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Tabloids: A Representation Of What We Consider News

2664 words - 11 pages

Tabloids: A Representation of what we consider News

Why is it that every time we see that someone is keeping a journal we have that gut urge to sneak into their bag and read all of their innermost thoughts? We all experience it. Although most want to deny it, there is no escaping that part of us that wants to know all we can about other people. Luckily, there is a medium that lets us do just that. Tabloids make the lives of others, especially celebrities, an open book for all to read and scrutinize. Not only do tabloids offer the lives of others on a silver platter, but they also let readers get sensational satisfaction, meaning they have the ability to be actively involved in articles with all their senses. Emotional stories, graphic images, terrifying fantastic epics, the lives of others, are all presented to readers in one convenient medium; the tabloid.

The tabloid is not a new medium whatsoever, in fact the model for the modern tabloid dates all the way back to folklore. Before the printing press was introduced into society, oral storytelling was the only way society satisfied their craving for scandal and thrilling stories. People spoke about their neighbor’s business and far-fetched happenings, and the only way to pass those stories on was to tell the story. Just like a game of telephone that we have all played in grade school, stories ended up changing and being misconstrued to later form urban legends that we still hear about today.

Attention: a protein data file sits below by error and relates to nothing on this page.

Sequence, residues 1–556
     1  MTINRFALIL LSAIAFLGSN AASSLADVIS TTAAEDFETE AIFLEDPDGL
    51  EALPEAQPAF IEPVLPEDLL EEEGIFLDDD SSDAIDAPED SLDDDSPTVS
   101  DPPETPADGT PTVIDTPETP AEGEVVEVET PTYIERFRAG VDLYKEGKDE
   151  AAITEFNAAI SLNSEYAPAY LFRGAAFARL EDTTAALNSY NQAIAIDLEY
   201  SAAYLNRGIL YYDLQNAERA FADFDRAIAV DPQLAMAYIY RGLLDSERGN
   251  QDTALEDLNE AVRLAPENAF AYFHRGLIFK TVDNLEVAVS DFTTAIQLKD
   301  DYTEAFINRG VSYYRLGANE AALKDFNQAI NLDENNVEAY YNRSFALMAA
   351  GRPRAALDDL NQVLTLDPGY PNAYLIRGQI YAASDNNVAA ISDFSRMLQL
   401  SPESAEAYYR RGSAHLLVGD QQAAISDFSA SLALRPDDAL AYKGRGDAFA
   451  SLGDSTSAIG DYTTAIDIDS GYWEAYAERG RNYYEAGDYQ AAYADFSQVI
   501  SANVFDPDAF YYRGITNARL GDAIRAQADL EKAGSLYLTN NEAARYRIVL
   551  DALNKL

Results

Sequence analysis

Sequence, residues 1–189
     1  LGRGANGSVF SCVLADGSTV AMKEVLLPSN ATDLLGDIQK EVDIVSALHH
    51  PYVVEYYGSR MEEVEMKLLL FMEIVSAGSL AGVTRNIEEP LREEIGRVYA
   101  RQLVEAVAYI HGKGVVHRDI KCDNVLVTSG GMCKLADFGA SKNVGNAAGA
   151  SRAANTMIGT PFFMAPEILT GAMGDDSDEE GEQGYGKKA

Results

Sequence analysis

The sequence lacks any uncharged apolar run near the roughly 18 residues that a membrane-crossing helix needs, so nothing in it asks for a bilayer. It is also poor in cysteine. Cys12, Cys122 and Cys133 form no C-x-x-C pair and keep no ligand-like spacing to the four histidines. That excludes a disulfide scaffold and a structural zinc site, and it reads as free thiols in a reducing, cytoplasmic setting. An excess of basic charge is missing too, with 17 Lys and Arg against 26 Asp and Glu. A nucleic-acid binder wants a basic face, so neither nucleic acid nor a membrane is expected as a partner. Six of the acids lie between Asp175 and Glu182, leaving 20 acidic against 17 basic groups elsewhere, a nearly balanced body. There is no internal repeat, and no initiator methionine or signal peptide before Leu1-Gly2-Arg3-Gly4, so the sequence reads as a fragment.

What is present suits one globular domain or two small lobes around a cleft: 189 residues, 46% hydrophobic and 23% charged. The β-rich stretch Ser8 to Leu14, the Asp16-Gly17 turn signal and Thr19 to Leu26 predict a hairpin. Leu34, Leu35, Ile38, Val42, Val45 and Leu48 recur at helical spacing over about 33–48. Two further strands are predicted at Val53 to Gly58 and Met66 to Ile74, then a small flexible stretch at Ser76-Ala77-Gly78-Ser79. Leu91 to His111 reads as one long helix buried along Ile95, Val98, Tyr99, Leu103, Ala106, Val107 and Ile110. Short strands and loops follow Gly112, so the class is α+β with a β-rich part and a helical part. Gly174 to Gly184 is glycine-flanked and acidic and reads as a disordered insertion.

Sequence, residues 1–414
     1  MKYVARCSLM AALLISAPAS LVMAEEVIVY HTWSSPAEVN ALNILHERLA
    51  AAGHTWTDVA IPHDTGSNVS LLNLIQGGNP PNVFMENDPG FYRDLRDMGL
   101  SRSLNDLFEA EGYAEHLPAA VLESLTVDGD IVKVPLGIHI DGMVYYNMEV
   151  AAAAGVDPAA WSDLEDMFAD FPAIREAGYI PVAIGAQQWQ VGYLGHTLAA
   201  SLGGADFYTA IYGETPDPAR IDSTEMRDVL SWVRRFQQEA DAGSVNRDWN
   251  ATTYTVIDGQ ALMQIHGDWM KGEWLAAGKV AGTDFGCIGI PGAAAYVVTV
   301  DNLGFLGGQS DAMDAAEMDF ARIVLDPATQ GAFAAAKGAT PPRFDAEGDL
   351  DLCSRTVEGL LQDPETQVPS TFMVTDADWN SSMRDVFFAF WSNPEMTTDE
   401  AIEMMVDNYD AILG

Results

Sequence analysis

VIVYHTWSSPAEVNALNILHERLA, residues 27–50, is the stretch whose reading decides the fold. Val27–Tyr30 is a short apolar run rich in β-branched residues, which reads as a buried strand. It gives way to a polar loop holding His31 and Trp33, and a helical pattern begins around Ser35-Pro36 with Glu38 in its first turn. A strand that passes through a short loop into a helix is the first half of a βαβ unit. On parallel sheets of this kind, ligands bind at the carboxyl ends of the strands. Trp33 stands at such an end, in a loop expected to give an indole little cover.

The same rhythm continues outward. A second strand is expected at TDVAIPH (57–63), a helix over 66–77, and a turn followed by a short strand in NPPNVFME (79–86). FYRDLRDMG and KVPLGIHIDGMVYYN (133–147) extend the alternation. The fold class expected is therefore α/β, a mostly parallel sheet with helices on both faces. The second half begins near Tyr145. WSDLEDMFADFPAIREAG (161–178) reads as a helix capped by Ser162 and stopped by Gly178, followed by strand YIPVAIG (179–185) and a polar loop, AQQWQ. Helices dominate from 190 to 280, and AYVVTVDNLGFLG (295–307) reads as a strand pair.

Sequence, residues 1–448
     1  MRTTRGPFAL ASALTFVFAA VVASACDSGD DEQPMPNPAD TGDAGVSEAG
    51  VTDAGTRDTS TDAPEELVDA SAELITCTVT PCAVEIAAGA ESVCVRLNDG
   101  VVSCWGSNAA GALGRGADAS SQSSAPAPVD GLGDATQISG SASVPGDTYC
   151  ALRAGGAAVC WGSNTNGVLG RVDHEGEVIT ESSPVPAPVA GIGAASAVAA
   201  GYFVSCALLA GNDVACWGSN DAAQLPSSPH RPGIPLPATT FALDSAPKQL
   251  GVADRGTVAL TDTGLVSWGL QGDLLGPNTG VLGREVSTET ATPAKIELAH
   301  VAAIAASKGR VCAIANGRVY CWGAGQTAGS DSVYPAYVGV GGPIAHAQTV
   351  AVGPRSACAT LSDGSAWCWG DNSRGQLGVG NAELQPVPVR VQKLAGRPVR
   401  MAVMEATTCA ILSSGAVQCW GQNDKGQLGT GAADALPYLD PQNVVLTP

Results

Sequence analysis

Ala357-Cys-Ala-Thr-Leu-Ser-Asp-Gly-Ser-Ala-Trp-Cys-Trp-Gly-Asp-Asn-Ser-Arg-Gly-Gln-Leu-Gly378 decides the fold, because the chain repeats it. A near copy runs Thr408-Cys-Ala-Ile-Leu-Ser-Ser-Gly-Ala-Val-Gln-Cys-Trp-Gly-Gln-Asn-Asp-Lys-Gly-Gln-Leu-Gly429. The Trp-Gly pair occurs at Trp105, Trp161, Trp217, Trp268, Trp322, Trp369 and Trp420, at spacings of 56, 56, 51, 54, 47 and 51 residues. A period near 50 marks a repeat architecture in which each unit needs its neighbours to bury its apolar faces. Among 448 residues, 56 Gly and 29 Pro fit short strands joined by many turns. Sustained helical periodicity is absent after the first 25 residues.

It wasn’t until Johann Gutenberg introduced the printing press in the 1450’s that the ancestors of tabloids truly emerged in a form that specifically helped to shape the modern tabloid we see today. America and Europe experienced a monumental transformation because of the printing press. Ballads, a piece of writing that usually was constructed in a poem or song-like prose, were the earliest form of tabloids recorded in history. Ballads would be put together in an interesting and easy to read style which was easy for the public to understand. The newly semiliterate public was looking for something easy and entertaining to read. Ballads would explore mysterious happenings, tragedy, miracles, and epic stories that would engage the public.

Because the demand for such stories like these was so high, those who published ballads would often take stories that interested people the most, and reshape them. They would recycle the stories by changing dates, characters, or locations. The stories being told in ballads would often times be stories told in the past, just changed in order to make them seem more up to date. Urban legends would be reiterated in numerous different versions. Without the sufficient evidence to prove the validity of the stories, ballads would often support its stories by claiming the story was formulated from eye witnesses or credible sources that got their information from word of mouth.

Along with ballads, religious publications that emerged with the...

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